HC Deb 09 June 1943 vol 390 c679
4 Mr. Stokes

asked the Secretary of State for Air (1) how the value of the 10,400 acres of land held on lease by his Ministry at an annual rental of £40,267 was arrived at;

(2) how his Department arrived at the value of 58,223 acres of land purchased by his Department since 31st December, 1938, at an inclusive cost of £3,763,433;

(3) whether the buildings and improvements on the land rented by his Department, totalling 10,400 acres at an annual rental of £40,267, will accrue to the landlords without cost or what arrangements have been made whereby the landlord contributes to the Exchequer for any such improvement?

The Secretary of State for Air (Sir Archibald Sinclair)

The value of the land held on lease was assessed by competent valuers as the fair commercial value ruling in the locality at the time of the agreements to lease, which were negotiated before the war. No guidance as to rateable value was available in the majority of cases as the land was. agricultural and de-rated. The value of the purchased land was that accepted by both sides by agreement, or in default of agreement prior to the war, that fixed by arbitration before one of the official Arbitrators. In assessing values, my advisers have had the benefit of consultation with the Valuation Department of the Inland Revenue. The question of reversion to the landlord of buildings and improvements on the leased land depends in each case on the terms of the lease.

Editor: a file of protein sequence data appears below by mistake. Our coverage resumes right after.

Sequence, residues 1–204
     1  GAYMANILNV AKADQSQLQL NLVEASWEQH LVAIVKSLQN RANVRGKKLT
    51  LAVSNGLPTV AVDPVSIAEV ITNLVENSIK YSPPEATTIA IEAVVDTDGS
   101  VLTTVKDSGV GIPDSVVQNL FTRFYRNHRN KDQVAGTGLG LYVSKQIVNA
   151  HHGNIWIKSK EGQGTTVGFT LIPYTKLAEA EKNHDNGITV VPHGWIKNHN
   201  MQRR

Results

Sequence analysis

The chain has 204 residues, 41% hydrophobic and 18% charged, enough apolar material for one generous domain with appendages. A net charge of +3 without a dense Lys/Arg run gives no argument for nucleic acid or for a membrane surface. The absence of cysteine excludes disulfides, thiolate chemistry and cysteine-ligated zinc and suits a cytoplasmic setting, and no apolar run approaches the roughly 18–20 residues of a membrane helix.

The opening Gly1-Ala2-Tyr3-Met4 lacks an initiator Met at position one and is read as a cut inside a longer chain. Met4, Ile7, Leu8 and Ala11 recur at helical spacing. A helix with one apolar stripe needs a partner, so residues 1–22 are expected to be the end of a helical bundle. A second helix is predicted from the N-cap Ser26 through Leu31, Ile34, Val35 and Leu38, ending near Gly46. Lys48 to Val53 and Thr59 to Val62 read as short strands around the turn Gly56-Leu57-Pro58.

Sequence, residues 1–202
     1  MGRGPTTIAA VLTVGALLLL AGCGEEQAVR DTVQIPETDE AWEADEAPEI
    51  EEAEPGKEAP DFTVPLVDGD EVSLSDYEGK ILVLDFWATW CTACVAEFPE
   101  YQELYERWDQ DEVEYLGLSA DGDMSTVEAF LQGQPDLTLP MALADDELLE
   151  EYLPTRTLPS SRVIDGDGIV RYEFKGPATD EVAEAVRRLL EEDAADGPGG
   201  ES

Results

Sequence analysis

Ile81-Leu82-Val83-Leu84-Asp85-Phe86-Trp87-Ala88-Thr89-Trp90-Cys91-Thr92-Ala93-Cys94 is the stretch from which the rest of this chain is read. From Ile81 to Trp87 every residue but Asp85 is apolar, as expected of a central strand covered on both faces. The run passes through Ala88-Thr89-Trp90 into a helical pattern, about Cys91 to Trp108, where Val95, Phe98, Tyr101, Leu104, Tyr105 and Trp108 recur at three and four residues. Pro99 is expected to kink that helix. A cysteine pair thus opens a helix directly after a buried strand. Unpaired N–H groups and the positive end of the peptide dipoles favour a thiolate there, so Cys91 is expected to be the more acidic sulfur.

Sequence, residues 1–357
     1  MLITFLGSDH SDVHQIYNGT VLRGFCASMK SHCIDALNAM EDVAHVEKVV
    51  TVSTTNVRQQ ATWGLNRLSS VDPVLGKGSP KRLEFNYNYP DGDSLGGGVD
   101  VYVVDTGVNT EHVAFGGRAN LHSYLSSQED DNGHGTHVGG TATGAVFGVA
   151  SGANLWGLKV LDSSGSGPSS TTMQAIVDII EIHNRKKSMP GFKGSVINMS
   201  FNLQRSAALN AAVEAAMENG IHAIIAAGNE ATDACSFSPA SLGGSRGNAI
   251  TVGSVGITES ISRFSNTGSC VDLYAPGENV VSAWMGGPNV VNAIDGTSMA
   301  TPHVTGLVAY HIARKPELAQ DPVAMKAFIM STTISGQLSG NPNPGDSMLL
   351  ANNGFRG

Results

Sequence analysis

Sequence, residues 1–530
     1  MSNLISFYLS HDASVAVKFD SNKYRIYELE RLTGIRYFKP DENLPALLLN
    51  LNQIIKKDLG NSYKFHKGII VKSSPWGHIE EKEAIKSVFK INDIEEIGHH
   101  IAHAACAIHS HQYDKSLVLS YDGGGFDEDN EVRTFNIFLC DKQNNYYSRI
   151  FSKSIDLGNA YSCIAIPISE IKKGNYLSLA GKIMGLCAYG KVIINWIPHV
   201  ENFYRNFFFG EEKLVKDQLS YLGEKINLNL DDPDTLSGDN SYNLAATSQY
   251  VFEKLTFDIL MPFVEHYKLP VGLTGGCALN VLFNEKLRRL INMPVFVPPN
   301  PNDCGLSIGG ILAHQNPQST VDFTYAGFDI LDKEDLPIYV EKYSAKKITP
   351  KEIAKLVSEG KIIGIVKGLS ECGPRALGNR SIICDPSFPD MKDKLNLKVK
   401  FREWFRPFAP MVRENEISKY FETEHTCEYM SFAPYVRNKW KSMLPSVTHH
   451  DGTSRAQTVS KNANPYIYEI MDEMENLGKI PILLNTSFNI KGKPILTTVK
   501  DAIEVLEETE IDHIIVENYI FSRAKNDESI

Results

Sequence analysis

Mr. Shinwell

Was the amount paid in all these cases in any way related to the market value of the land before the war?

Sir A. Sinclair

Yes, as indicated in the terms of my answer.

Mr. Stokes

Was all the 58,223 acres agricultural land, and therefore de-rated?

Sir A. Sinclair

All agricultural land was at the time de-rated; therefore I have no knowledge of the rateable value.

Sir Granville Gibson

Is there any obligation on the Government to reinstate the buildings on the land?

Sir A. Sinclair

That depends on the terms of the lease.